When I first started in public radio 13 years ago, there weren't too many peers playing "challenging" music. Here was a 20-something who, up until moving to D.C., spent nights vibrating to Japanese noise and weekends attempting to decode large-format Xenakis scores in the University of Georgia library. NPR Music wasn't even a proper entity yet, and here I was already planning to dismantle notions of what constitutes "public radio music" with brash zealousness. (Hey, I was 23.)
My column Viking's Choice, now a little over a decade strong, didn't come without aches and setbacks because, hey, labyrinthine metal or a sound installation featuring 200 feet of piano wire can be a hard sell to an unsuspecting audience, no matter the support of colleagues. Thankfully, John Schaefer was an unknowing guide (to me) in how to present this music. He's the host of WNYC's New Sounds, a 37-year-old public radio program that not only challenged but grew with its audience; trust was built into the equation, bouncing ears from prepared piano to ambient electronics to Afropop. Folks like to say its cross-cultural, cross-genre mix is distinctly New York; I'd argue New Sounds was prescient in how music would fracture and reconstitute its disparate parts in wild forms.
So when WNYC announced it would "sunset" New Sounds last week, my heart completely sank. Andrew Golis, the chief content officer of WNYC, claimed the shift away from music programming was to "[focus] on news and storytelling. Playlist music is not something that we think is core to WNYC's offerings." This short-sightedness struck me sideways, not only as a music fan, but as someone who hears music as a reflection of ourselves; New Sounds tells the story of music that moves culture forward.
The response from the city of New York, a global community of listeners and station staff was swift and strong. "I know there is new leadership over at WNYC," composer Julia Wolfe told Gothamist, which, like WNYC, is owned by New York Public Radio. "What I think they don't understand is that this isn't just a radio show — it's a cultural institution — it's the voice for creative music here in New York City."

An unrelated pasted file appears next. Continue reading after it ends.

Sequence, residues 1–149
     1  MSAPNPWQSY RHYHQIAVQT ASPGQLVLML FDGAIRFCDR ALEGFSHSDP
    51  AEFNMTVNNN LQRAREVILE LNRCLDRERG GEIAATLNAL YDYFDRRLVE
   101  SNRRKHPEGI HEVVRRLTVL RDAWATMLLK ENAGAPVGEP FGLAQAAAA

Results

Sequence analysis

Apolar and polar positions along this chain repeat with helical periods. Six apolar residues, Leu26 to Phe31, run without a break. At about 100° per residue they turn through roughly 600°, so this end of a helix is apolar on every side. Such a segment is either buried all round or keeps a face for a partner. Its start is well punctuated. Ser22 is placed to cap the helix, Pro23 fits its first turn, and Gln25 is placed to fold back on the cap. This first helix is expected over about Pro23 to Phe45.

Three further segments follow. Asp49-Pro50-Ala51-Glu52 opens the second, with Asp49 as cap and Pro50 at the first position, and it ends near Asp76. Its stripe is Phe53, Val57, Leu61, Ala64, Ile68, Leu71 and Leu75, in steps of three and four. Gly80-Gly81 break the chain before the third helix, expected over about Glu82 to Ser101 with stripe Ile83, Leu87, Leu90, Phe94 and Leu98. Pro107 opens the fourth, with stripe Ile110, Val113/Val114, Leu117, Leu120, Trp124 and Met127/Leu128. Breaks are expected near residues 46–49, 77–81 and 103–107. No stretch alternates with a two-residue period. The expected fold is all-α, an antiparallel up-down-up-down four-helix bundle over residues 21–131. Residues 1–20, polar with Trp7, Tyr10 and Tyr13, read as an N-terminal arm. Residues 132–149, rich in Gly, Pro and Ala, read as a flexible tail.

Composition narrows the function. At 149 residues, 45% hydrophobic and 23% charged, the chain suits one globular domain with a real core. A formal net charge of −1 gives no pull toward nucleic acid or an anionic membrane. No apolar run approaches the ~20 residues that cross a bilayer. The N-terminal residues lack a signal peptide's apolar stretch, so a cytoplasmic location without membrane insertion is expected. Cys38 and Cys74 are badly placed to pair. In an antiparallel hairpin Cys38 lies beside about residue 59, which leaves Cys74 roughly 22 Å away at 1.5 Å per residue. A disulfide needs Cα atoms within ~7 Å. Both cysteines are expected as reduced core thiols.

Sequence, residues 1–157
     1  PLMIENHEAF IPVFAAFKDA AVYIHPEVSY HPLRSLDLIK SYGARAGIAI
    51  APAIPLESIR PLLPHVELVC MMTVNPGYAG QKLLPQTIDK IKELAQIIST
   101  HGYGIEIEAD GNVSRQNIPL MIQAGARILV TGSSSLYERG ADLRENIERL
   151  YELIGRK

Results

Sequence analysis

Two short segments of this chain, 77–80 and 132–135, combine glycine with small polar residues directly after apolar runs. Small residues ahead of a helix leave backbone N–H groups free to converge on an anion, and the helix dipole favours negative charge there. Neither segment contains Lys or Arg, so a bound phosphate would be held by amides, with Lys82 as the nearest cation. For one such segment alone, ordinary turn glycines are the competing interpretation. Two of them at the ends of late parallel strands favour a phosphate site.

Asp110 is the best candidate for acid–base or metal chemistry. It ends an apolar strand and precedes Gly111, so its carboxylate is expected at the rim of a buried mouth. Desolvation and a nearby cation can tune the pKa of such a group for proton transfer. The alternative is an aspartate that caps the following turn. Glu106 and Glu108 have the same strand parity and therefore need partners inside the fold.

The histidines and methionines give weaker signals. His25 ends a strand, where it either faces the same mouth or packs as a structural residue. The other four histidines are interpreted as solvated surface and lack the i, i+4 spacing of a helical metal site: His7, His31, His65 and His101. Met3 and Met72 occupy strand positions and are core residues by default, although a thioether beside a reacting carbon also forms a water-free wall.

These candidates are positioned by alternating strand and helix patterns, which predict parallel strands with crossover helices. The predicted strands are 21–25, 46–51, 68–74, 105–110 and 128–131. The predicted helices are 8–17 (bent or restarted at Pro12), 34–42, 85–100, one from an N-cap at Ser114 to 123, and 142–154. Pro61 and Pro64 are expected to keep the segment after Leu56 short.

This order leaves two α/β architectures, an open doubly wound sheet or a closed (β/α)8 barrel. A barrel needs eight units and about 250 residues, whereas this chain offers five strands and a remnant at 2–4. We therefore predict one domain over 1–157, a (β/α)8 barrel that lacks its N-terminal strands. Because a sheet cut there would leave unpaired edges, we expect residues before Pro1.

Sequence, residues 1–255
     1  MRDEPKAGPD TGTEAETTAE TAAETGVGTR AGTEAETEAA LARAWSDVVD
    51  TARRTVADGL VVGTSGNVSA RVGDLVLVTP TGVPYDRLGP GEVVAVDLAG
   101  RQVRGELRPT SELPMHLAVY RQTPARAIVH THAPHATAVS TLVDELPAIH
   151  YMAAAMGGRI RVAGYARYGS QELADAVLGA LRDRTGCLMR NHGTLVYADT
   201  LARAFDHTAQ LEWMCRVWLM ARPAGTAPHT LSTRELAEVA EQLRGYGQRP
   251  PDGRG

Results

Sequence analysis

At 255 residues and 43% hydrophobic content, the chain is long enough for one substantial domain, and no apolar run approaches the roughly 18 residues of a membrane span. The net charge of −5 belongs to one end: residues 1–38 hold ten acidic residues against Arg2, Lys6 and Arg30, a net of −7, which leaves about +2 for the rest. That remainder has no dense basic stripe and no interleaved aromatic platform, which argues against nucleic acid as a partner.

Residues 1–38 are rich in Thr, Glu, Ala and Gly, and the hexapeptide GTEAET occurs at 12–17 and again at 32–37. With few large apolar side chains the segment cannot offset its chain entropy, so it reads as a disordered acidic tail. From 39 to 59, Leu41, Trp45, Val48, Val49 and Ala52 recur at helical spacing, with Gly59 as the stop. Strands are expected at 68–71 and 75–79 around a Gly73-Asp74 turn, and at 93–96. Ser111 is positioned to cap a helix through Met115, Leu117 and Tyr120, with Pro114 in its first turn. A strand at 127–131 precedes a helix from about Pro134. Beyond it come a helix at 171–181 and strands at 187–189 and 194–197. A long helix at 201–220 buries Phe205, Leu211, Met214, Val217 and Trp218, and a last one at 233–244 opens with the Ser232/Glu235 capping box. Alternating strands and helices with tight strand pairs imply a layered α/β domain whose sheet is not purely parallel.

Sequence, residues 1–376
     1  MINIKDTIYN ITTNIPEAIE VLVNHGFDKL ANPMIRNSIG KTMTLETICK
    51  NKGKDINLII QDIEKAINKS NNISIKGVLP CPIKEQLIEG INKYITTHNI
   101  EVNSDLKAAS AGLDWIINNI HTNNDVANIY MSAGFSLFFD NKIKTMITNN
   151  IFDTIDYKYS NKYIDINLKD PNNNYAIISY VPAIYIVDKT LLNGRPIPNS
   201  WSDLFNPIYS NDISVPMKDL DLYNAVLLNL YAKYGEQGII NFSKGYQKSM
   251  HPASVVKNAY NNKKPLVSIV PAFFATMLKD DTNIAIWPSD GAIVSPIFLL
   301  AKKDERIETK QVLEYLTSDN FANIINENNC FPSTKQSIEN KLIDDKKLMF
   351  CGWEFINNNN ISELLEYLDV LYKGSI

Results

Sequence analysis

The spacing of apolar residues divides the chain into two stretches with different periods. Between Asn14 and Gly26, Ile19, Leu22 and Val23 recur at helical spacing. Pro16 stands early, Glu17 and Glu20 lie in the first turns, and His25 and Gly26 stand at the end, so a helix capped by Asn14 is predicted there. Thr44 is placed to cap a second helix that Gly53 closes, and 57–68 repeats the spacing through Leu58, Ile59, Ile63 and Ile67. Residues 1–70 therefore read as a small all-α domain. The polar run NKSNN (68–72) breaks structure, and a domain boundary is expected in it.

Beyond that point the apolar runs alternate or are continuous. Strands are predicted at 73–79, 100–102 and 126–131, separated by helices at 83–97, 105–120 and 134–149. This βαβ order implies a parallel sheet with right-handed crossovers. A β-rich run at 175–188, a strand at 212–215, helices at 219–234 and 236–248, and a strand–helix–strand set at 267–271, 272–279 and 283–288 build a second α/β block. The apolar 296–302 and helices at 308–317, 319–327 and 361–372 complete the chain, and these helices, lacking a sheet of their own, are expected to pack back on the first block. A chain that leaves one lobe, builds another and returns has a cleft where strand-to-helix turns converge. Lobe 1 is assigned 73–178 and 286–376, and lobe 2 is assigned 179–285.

In a rare triumph that shows just how much the public matters in public radio, WNYC reversed its decision on Monday. "We did it! Or more accurately, YOU DID IT!" Shaefer tweeted. "And if we sound incredulous, it's because we never expected to be able to make this announcement."
The weekly playlist on Spotify and Apple Music has been updated and the Bandcamp picks below run a wild gamut, as anyone who follows Viking's Choice knows by now. But if you like the music here and how it's presented, know that there's public radio precedence. Spend some time with New Sounds — or Schaefer's podcast Soundcheck, or the 24/7 stream — if you've never heard the show, or get reacquainted: just don't take it for granted.
Meara O'Reilly has a thing for musical illusions, how the ear and the brain can play with your senses. Hocketing itself is a type of auditory trick going back several centuries and cultures, where two (sometimes more) voices complete melodic phrases note-by-note in an uncanny feat of vocal concentration. This is but a short snippet from her brief-but-sensory-rich 11-minute album, but in it, the two voices (O'Reilly performs both parts) dip, slide and pan your headphones like a bouncy castle set in a cloud level of Super Mario Bros.
Look, for all I know these Spaniards are total sweethearts with puppy-of-the-month calendars who are just their best selves when vomiting pure metallic evil from the bowels of hell. Or, while slurping hot-pink hibiscus boba tea with their besties, they are compelled to unleash a terror so foul that rivers weep blood. I'm not here to judge!
Each beat rings deep in the music of Jon Mueller. Codex Intueri features the composer's most trusted tools — drums, percussion and gongs — but turns over the arrangements, mixing and synths over to James Plotkin. There's a trust there, as Mueller's meditative rhythms both settle and spiral to a ritualistic dance.
Phil Elverum can dig inside a moment and find its most complicated, twisted and truest meaning. Here is what might be the most tender couplet of the year, which I'll carry with me: "If ever the bonfire that I carry around could warm you again / I will be out here in the weather for you glowing."
Jessica Ekomane originally conceived Multivocal as a quadraphonic experience, so just imagine short bursts of polyphonic tone pulsing and phasing around your total being. Don't worry, it works on headphones, too, but you just might levitate until the cord snaps you back to earth.
Now here's a blast from my Christian punk past. From 1994-2002, The Blamed evolved from shouty skate-punk to aggro hardcore to a creative palette of switchback riffs, a bruising rhythm section and throttled call-and-response. (2001's Isolated Incident remains a personal favorite.) The band's first album in 17 years, The Church is Hurting People, kinda does all of the above with varying results, but when the feedback-riddled power chords rev at the rumbling speed of "I Guess This is Goodbye," I'm a teenager again, thrashing around my room.
Ambient music sometimes functions best when you forget it exists; the tones just become a part of your day. I've lost track of time staring into the synth abyss of these two tracks.
Baltimore's got a good goth streak going this year: first The Holy Circle, now Curse. For its third album, noise and doom metal-tinged tunes give way to neon synth-pop in ways that will please both Blade Runner and Siouxsie and the Banshees fans.
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